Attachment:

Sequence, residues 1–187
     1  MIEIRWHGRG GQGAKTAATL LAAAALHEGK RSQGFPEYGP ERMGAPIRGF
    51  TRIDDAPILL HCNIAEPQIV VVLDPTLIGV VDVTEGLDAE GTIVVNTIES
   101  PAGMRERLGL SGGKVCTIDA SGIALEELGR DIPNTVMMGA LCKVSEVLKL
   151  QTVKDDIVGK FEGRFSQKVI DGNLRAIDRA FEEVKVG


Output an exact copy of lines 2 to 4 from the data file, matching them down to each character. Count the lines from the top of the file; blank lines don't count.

     1  MIEIRWHGRG GQGAKTAATL LAAAALHEGK RSQGFPEYGP ERMGAPIRGF
    51  TRIDDAPILL HCNIAEPQIV VVLDPTLIGV VDVTEGLDAE GTIVVNTIES
   101  PAGMRERLGL SGGKVCTIDA SGIALEELGR DIPNTVMMGA LCKVSEVLKL